Burns says it's hard to overstate the impact Warren had on the Tecumseh film. "In many ways he was far more than just an historical consultant, partly because his very subtle approach to Shawnee history and culture combines first-rate history with deep ethnographic understanding and a very detailed knowledge of and feeling for the Shawnee people today."
Warren invited Burns to come to Augustana, and he accepted. Burns will be on campus April 24-25 for a post-premiere viewing and presentation on "Tecumseh's Vision."
Painting with images
Warren was asked to consult on the film because of his extensive research of the Shawnee people, and his continuing contacts with the tribe. In preparing for the project, Burns and co-director Chris Eyre met with tribal leaders to discuss their plans. Warren's name kept coming up in the directors' conversations with George Blanchard, a Shawnee tribal elder. Blanchard and Warren first met in 2001 when Warren was researching his book The Shawnees and Their Neighbors, 1795-1870. They have remained friends, and Blanchard has visited Augustana three times in recent years, meeting with students and others on campus.
Warren's work on the film began in August 2006 when he met with Burns and Eyre and accompanied them to the Absentee Shawnee Tribe headquarters in Shawnee, Okla. The following December, Warren returned to Oklahoma for a 2½-hour filmed interview with Burns. "Ric had a command of the literature in order to capture the historical elements of a unique story," Warren says. "He conducted these very involved interviews so he could form the framework of the narrative."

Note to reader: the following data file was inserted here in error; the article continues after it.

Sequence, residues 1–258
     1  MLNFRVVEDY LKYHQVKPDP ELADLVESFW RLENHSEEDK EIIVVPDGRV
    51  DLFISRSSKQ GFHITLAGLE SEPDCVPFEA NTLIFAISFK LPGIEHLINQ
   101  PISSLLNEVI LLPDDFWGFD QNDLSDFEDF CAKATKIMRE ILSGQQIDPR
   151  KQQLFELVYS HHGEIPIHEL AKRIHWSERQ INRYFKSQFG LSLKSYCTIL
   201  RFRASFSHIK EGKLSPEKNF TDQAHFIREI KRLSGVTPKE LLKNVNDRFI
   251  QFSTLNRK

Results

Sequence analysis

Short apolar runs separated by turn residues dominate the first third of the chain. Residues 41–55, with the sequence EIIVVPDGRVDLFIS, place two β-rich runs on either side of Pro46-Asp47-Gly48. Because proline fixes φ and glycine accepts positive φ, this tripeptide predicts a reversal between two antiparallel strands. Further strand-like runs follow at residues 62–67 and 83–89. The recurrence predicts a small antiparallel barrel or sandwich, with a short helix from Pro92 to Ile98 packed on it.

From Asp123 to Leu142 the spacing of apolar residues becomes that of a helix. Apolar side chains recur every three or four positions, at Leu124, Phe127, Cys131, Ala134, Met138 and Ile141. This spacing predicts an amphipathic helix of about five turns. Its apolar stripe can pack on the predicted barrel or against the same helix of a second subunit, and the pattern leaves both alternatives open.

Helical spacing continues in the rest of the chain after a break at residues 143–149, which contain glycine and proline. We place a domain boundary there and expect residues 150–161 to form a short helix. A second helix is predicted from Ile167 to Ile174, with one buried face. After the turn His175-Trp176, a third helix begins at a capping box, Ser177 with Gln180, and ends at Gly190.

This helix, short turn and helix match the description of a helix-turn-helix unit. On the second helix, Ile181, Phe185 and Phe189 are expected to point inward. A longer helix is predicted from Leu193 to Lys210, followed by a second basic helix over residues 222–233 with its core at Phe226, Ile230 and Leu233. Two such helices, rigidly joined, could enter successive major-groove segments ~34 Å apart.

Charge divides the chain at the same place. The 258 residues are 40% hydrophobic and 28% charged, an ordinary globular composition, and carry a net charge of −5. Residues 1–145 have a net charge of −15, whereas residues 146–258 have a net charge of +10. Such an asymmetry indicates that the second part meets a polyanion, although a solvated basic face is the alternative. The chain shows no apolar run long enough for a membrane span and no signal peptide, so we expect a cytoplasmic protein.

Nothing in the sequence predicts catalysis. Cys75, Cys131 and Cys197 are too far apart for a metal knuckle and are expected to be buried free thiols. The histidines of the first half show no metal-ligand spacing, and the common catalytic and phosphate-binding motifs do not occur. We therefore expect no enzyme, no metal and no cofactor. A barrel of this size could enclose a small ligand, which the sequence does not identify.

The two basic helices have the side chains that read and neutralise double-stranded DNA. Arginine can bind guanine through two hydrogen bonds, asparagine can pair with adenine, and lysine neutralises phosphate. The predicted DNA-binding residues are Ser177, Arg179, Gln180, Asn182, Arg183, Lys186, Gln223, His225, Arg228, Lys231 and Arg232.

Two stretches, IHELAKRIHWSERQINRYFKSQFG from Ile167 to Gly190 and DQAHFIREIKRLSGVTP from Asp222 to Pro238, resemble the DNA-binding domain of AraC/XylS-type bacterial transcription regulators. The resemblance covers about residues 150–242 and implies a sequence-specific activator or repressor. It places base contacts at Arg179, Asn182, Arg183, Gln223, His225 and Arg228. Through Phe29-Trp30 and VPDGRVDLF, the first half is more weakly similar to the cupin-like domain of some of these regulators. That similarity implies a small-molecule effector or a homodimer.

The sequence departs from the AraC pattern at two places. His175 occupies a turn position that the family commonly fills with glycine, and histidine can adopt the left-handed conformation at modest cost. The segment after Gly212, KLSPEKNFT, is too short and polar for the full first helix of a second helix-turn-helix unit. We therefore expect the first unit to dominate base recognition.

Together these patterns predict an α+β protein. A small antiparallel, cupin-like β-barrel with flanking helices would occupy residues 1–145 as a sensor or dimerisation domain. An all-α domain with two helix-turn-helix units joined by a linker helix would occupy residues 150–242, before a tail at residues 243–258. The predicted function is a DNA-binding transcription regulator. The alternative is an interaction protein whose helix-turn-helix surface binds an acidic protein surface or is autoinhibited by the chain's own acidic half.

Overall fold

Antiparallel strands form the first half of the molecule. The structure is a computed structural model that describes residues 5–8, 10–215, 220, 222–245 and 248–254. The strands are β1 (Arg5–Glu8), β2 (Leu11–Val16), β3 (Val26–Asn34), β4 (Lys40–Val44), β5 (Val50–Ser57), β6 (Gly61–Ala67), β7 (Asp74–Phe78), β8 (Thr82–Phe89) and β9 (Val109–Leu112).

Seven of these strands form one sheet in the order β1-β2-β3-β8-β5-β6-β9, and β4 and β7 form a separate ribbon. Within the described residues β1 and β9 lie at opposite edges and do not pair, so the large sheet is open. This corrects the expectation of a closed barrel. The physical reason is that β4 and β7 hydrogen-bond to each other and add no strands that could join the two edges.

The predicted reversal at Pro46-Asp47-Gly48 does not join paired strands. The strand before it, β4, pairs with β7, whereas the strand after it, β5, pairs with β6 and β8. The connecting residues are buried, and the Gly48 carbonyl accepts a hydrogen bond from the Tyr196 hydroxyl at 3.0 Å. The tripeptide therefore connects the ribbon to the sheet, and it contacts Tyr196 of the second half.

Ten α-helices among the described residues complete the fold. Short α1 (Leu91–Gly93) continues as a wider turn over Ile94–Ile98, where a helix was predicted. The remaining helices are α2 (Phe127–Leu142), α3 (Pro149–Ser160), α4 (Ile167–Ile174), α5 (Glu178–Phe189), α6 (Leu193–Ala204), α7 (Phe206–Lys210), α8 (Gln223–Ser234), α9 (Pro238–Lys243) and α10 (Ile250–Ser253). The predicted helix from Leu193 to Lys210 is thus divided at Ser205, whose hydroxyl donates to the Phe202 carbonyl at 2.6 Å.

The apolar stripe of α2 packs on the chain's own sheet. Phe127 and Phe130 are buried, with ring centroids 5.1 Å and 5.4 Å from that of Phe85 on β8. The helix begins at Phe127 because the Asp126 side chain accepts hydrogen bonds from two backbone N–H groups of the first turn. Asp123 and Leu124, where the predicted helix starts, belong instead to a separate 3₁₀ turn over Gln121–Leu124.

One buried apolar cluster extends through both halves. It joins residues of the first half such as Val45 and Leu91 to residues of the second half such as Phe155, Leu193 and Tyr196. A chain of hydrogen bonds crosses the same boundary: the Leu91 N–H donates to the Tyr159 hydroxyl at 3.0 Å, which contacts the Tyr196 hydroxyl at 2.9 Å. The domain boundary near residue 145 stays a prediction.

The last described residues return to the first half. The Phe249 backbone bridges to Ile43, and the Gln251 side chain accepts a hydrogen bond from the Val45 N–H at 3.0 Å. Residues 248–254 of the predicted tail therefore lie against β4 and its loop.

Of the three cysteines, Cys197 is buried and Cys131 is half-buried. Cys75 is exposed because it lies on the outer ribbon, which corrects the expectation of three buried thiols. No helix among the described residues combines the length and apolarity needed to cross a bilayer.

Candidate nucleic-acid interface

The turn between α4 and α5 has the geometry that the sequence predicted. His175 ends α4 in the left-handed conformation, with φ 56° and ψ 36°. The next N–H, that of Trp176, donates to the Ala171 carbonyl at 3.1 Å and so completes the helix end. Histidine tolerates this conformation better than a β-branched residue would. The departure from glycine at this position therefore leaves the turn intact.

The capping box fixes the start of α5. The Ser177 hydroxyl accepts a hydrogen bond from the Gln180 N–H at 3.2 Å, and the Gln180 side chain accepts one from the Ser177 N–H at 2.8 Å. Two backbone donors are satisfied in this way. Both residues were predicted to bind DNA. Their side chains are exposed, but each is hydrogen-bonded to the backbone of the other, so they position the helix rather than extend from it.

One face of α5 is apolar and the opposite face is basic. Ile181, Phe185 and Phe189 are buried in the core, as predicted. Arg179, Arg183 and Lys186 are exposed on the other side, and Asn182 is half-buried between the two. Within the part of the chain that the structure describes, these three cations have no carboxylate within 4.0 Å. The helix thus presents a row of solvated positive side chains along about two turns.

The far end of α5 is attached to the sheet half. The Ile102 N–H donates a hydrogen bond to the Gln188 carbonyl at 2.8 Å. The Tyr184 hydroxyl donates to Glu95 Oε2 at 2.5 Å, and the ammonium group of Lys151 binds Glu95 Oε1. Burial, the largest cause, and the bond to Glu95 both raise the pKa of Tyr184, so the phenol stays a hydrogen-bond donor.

When he received the initial script, which was not even 50 double-spaced pages, Warren was stunned. "Coming from the world of academia, where you deal with 300-page history books, I was shocked," Warren remembers. From the 150 minutes of his taped interview, the final episode includes less than 10 minutes of Warren on camera.
"I paint with words in the classroom and in my research," Warren notes. "Filmmakers have to paint with images. One dramatic scene with music and strong visuals has to communicate a thesis that a historian might labor over in pages and pages of text."
Although this was Warren's first experience with filmmaking, Burns says the professor "helped us think through what kinds of scenes might best be re-enacted, and how to do them deeply, authentically, respectfully. He read scripts critically and shrewdly, reviewed cuts of the film at three or four stations along the way, and gently but firmly held the producers' feet to the fire whenever an aspect of filming or the script threatened, in his view, to fall short of what he knew the material could deliver."